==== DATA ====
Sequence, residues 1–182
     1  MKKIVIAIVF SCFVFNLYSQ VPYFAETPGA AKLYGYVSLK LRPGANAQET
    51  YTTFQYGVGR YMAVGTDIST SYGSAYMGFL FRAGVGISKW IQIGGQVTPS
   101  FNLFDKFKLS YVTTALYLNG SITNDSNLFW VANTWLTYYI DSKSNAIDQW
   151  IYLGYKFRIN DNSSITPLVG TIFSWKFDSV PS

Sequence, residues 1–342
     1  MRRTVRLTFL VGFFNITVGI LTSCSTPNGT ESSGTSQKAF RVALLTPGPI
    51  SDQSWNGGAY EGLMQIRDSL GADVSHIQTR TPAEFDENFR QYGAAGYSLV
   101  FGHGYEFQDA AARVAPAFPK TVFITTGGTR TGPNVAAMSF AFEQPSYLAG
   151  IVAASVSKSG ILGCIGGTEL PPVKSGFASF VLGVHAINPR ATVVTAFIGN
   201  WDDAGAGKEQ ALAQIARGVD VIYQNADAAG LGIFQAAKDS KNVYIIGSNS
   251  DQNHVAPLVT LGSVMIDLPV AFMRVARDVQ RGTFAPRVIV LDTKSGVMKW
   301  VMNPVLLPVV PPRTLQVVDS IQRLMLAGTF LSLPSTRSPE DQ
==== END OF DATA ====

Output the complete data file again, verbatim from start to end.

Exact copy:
Sequence, residues 1–182
     1  MKKIVIAIVF SCFVFNLYSQ VPYFAETPGA AKLYGYVSLK LRPGANAQET
    51  YTTFQYGVGR YMAVGTDIST SYGSAYMGFL FRAGVGISKW IQIGGQVTPS
   101  FNLFDKFKLS YVTTALYLNG SITNDSNLFW VANTWLTYYI DSKSNAIDQW
   151  IYLGYKFRIN DNSSITPLVG TIFSWKFDSV PS

Sequence, residues 1–342
     1  MRRTVRLTFL VGFFNITVGI LTSCSTPNGT ESSGTSQKAF RVALLTPGPI
    51  SDQSWNGGAY EGLMQIRDSL GADVSHIQTR TPAEFDENFR QYGAAGYSLV
   101  FGHGYEFQDA AARVAPAFPK TVFITTGGTR TGPNVAAMSF AFEQPSYLAG
   151  IVAASVSKSG ILGCIGGTEL PPVKSGFASF VLGVHAINPR ATVVTAFIGN
   201  WDDAGAGKEQ ALAQIARGVD VIYQNADAAG LGIFQAAKDS KNVYIIGSNS
   251  DQNHVAPLVT LGSVMIDLPV AFMRVARDVQ RGTFAPRVIV LDTKSGVMKW
   301  VMNPVLLPVV PPRTLQVVDS IQRLMLAGTF LSLPSTRSPE DQ